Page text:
B what exactly is an event-horizion?

Summary
approaching a black-hole event-horizon at the speed of light.
Summary: approaching a black-hole event-horizon at the speed of light.

as one falls towards the singularity of a black-hole, one exelerats towards the speed of light. At the speed of light one crosses the event-horrizion. once past it information cant be sent out into the universe because it cant escape out past the event-horision. So my question is, is the event-horision an actual physical thing like a physical boundry or is it just location like the speed of sound is. ie is the event horrizion a thing or a place?
 

Drakkith

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At the speed of light one crosses the event-horrizion.
Not true. All massive objects (meaning objects with mass, not 'large') are limited to sub-c velocities. They can never reach the speed of light in any reference frame.

So my question is, is the event-horision an actual physical thing like a physical boundry or is it just location like the speed of sound is. ie is the event horrizion a thing or a place?
It's just the region where the curvature of space reaches a certain amount. In other words, it's a place.
 
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as one falls towards the singularity of a black-hole, one exelerats towards the speed of light
Speed is relative. It is true that, relative to stationary observers (i.e., observers hovering at a fixed altitude above the horizon), the speed of an infalling observer approaches the speed of light as the observer approaches the horizon. But there are no hovering observers at or inside the horizon; they can't exist. There are never any observers relative to whom an infalling observer is moving at the speed of light.

ie is the event horrizion a thing or a place?
It's an outgoing null surface. That doesn't really meet the ordinary person's intuitive sense of either "thing" or "place". Ordinary language is not always capable of describing physics.
 

Orodruin

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It's just the region where the curvature of space reaches a certain amount. In other words, it's a place.
The actual curvature at the event horizon depends on the size of the black hole. A supermassive black hole has little curvature at the event horizon.

The event horizon is a null surface. It moves at the speed of light for any observer it passes. It is therefore doubtfull it should be called a place.
 

Ibix

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Summary: approaching a black-hole event-horizon at the speed of light.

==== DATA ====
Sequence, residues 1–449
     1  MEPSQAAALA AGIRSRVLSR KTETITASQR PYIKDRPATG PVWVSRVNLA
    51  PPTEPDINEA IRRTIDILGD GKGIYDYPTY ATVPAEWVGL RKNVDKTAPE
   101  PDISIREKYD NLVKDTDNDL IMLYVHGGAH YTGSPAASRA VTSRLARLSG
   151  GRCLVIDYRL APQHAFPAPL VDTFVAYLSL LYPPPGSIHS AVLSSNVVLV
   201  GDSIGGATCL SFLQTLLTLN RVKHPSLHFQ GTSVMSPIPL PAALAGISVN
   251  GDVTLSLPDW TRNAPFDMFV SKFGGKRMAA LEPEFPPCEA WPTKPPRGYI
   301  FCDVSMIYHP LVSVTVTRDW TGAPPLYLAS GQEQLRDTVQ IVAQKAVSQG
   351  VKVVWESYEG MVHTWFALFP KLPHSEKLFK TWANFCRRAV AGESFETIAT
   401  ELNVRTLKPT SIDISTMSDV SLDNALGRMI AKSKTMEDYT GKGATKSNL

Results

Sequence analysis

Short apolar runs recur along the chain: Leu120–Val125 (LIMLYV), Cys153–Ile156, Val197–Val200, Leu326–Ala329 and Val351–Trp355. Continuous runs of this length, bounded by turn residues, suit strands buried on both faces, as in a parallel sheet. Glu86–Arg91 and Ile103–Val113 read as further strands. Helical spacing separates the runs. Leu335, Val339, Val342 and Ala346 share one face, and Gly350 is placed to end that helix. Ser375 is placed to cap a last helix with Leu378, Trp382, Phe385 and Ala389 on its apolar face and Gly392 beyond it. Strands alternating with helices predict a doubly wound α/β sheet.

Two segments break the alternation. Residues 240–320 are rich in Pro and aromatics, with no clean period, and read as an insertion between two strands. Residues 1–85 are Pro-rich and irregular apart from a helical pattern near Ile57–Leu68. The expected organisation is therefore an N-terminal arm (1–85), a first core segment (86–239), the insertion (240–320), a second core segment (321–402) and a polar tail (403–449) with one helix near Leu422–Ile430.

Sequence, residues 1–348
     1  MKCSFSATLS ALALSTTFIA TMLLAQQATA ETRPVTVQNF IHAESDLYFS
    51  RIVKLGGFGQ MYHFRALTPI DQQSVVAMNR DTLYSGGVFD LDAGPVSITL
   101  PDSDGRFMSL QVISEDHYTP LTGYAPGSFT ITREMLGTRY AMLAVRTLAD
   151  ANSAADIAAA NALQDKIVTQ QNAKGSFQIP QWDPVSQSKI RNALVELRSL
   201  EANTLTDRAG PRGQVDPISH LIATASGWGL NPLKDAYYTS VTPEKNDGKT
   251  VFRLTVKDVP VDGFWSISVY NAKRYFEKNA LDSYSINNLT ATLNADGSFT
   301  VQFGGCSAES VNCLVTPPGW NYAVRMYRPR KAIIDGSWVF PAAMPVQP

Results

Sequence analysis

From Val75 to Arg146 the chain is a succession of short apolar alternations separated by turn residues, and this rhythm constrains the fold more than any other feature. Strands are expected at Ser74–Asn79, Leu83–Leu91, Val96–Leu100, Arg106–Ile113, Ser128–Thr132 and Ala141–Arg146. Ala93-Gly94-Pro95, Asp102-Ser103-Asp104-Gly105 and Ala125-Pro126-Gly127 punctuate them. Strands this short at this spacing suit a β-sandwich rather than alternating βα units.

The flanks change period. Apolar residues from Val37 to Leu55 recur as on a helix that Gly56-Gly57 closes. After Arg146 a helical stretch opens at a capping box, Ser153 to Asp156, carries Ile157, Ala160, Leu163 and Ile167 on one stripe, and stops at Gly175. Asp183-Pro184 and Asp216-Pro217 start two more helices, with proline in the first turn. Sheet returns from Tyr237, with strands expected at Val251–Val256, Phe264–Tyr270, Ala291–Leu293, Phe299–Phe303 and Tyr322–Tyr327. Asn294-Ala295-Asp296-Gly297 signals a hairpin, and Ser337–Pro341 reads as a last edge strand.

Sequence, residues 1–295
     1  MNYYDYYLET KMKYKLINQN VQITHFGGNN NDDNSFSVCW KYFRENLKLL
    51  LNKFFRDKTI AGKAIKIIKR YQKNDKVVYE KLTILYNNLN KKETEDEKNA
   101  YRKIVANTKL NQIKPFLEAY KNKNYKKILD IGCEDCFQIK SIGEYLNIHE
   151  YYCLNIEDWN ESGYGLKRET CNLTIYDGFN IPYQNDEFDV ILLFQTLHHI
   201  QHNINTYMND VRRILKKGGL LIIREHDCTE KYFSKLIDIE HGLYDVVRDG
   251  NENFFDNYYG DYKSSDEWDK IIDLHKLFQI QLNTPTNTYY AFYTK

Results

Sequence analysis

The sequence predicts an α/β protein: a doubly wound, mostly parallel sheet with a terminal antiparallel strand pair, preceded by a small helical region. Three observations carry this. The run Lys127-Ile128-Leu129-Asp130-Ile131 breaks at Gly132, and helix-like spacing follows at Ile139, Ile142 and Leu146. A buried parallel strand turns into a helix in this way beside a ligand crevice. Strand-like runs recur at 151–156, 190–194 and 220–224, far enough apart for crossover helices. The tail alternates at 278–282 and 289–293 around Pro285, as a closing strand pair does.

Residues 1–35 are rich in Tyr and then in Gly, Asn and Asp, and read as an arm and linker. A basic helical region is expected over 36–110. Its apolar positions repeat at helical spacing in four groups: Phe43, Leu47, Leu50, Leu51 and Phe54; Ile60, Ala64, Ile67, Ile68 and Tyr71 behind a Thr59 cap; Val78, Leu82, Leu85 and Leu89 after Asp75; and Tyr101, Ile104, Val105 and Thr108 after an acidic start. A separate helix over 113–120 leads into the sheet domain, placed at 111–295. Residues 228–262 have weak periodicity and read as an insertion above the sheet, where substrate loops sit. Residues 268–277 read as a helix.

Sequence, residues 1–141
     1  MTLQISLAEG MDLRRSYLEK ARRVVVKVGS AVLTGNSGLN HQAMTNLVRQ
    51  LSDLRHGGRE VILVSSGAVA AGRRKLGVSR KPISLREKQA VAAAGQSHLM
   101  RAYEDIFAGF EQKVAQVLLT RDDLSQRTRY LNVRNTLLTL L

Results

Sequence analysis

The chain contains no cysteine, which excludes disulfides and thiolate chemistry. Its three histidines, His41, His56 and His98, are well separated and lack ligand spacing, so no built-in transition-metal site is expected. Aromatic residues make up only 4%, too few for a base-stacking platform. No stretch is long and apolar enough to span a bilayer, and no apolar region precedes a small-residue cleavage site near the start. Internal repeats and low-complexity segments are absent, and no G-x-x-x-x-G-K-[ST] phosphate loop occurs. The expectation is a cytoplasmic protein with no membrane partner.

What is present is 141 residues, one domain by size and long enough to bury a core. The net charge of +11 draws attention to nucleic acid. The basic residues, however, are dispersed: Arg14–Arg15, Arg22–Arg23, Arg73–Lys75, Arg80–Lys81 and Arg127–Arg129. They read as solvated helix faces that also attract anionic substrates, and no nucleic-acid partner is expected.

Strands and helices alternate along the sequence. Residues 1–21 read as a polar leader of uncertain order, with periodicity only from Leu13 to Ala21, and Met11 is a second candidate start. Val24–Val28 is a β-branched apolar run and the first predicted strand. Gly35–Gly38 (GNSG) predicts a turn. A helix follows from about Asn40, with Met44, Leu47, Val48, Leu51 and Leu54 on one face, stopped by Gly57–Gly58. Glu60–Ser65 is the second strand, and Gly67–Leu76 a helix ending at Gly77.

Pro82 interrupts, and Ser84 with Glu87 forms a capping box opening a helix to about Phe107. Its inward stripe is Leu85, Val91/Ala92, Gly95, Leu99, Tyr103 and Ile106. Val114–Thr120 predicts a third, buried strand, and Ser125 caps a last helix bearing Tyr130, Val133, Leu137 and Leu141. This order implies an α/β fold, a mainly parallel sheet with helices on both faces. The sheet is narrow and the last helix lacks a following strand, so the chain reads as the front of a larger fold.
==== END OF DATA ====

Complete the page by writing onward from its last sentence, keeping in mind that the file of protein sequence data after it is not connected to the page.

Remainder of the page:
As noted by others, this is not an accurate description of crossing the horizon. It's perfectly possible (in principle) to control your fall with a rocket, so two objects crossing the event horizon side-by-side can have any velocity relative to each other. And distant observers cannot assign a velocity to them in a non-arbitrary way.
So my question is, is the event-horision an actual physical thing like a physical boundry
As noted by others, this is a difficult question to answer in ordinary language because it's so far outside normal experience that there are only technical terms for it.

We can say that the horizon isn't a physical thing like the surface of a star or planet - there's nothing there to crash into. If you are small enough relative to the black hole that you don't get torn apart by tidal forces then you can pass through without noticing anything unusual (your imminent death is inevitable once you pass through, but it doesn't kill you itself). It's just a boundary.

However, it's a boundary in spacetime, not in space. And it turns out that there are three distinct types of spacetime boundary, timelike, spacelike and null. Timelike boundaries correspond to what we think of as boundaries in space - there's a "this side" and a "that side", and you can freely cross backwards and forwards, or choose not to cross. Spacelike boundaries correspond to what we think of as moments in time - there's a "before" and an "after", and once you are after you can't be before again, and you can't opt out of crossing. (If the naming convention seems backwards, consider that a moment in time is all of space at a given time.)

Unfortunately event horizons are members of the third group, null surfaces. They are an inbetween case that has no ordinary language description. They have some of the characteristics of boundary in space (you can choose not to cross) and some of a moment in time (you can't cross moe than once and can only cross in one direction). But they aren't really either.

Just to note, you could build a spherical surface (a physical realisation of a boundary in space) completely enclosing a black hole event horizon. And you could make it arbitrarily close to the horizon, although you'd need rockets to help support it at some point. This is why it's easy to think of the horizon (naively, from a distance) as a boundary in space. But curved spacetime is a peculiar place and the horizon itself is a different animal.

Finally, note that all of this is prediction using our current best theory of gravity, general relativity. Any or all of it may be subject to change without notice when we figure out what quantum gravity looks like.
 

Orodruin

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there's a "before" and an "after", and once you are after you can't be before again, and you can't opt out of crossing.
This is not true. It is true in Minkowski space, but not in a more general setting. As long as you remain outside the event horizon you can certainly avoid the constant r spacelike surfaces inside.
 

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